Colloidal Nanocrystals with Excellent Thermal and High-flux Stability


Solid-state lighting (SSL) has the potential to revolutionize the lighting industry. Light-emitting diodes (LEDs)--traditionally used in signs, signals and displays--are rapidly evolving to provide light sources for general illumination. This technology holds promise for lower energy consumption and reduced maintenance.  However the solid state Lighting industry employs rare-earth containing inorganic compounds as the phosphor down converters.  Due to the short supply of rare-earths, these converters are becoming expensive.  These conventional phosphors are also difficult to tune, scatter light excessively, have broad spectral widths, and for some products, can suffer both from thermal and high flux quenching.  UB researchers have resolved this problem by formulating a novel semiconductor nanocrystals to replace the phosphor. The novel semiconductor solved two fundamental problems 1) The loss of quantum efficiency (QE) at elevated temperatures and 2) The loss of QE at high excitation optical power densities.

Typically, nanocrystals are well-known to suffer from high-optical flux saturation as a result of Auger recombination (Y. Park et al., Phys. Rev. Lett. 106, 187401 (2011)) and blinking phenomena (I Chung at al., Phys. Rev. B70, 165304 (2004)) which impact on the fluorescence efficiency of nanocrystals. The invented novel nanocrystals demonstrate both temperature (at least up to 150 °C) and high-flux (at least up to 20 kW/cm2 of cw-excitation) stable quantum efficiencies. In addition, pulsed excitation measurements indicate that they enable a shutdown of Auger recombination at least up to an average excitation level of 3 e-h pairs.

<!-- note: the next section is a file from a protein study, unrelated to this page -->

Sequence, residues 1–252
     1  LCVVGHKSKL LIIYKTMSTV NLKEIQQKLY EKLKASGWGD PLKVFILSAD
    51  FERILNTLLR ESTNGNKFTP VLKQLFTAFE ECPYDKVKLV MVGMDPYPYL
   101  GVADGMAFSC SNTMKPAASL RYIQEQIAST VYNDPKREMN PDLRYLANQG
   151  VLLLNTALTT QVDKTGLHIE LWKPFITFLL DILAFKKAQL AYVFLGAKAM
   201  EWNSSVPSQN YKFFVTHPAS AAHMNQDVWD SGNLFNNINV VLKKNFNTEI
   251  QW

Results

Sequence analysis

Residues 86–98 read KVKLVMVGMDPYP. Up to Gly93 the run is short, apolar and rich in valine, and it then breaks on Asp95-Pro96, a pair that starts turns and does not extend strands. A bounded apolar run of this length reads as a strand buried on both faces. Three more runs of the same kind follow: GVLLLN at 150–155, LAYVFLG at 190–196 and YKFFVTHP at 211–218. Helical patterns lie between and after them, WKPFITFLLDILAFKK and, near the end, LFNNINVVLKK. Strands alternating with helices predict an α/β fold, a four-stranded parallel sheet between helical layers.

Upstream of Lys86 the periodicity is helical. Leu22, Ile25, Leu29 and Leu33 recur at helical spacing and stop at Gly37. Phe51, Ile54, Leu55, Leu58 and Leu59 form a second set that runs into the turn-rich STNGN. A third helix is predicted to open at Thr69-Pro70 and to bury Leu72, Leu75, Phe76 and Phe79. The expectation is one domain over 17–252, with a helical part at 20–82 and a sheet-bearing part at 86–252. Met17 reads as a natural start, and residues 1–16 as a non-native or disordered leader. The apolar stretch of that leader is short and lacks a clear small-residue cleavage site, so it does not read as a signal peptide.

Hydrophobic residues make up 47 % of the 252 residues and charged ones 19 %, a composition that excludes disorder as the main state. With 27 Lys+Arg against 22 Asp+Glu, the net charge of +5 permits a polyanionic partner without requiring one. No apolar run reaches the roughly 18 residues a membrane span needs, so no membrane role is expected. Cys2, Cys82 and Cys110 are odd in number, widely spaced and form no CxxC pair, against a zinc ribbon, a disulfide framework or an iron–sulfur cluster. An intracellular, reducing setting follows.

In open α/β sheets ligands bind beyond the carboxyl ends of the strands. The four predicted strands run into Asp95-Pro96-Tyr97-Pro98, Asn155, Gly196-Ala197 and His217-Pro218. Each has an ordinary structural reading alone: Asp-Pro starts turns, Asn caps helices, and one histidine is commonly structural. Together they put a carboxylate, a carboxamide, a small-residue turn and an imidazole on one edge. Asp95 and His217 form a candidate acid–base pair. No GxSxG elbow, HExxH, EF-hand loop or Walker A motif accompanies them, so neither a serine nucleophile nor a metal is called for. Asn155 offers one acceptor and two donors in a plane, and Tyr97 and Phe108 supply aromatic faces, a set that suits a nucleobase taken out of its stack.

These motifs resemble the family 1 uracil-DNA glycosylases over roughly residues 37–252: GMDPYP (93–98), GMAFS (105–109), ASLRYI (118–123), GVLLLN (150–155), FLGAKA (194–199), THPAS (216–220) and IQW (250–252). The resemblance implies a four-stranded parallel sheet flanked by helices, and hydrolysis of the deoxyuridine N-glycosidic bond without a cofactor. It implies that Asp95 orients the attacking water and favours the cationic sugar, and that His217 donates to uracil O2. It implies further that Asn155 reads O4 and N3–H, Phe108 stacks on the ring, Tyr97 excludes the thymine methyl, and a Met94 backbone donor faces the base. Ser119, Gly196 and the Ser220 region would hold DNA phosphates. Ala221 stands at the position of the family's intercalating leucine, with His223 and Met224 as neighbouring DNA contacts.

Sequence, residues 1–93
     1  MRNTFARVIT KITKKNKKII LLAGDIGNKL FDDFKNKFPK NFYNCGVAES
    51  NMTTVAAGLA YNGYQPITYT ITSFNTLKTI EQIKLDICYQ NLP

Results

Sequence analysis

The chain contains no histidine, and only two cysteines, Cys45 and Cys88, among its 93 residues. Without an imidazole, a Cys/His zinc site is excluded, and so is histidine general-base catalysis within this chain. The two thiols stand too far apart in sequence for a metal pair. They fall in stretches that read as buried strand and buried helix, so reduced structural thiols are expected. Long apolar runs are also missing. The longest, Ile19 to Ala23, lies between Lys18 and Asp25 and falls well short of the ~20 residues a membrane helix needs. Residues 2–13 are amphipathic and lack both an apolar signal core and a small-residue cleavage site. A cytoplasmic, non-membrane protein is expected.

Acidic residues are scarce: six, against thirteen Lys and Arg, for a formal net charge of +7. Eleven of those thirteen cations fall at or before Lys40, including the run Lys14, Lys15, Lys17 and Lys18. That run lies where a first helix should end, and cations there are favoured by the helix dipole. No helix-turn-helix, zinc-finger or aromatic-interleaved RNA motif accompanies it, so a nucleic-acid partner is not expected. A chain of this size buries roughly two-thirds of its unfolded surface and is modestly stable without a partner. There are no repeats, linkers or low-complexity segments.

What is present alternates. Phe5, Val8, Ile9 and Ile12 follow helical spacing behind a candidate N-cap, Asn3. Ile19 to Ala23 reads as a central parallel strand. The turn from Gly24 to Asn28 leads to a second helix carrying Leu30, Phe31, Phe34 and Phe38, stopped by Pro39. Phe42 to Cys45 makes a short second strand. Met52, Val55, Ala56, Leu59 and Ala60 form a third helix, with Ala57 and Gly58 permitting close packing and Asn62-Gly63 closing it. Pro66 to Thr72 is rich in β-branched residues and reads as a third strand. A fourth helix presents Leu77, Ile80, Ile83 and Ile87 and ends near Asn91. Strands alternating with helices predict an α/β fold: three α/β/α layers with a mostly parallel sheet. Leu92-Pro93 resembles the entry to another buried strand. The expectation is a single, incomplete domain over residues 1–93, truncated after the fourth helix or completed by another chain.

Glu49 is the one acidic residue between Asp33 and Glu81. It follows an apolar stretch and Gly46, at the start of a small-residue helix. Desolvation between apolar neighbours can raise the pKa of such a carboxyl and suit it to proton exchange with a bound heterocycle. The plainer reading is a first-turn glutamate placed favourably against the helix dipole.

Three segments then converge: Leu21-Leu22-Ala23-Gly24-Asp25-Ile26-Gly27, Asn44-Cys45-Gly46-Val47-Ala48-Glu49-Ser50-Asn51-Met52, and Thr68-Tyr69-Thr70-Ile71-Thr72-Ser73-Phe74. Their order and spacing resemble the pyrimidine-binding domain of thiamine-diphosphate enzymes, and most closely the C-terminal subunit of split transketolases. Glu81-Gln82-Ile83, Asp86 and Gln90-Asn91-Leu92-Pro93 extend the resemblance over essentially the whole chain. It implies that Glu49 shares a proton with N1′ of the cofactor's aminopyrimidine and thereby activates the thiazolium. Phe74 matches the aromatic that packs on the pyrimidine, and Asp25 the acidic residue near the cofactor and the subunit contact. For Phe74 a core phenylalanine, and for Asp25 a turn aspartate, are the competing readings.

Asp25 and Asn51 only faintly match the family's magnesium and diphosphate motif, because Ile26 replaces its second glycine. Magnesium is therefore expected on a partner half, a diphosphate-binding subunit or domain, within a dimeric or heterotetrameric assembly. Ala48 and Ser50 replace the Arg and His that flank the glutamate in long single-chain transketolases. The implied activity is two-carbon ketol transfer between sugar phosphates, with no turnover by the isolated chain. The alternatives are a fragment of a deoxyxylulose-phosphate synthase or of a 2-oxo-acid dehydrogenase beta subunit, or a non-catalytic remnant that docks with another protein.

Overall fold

The total SSL market is expected to reach $56.79 billion by 2018, at a Current Annual Growth Rate of 18.7% from 2013 to 2018.

Patent Information:
For Information, Contact:
Jeffrey Dunbar
University at Buffalo
716 645-8134
Keith Kahen
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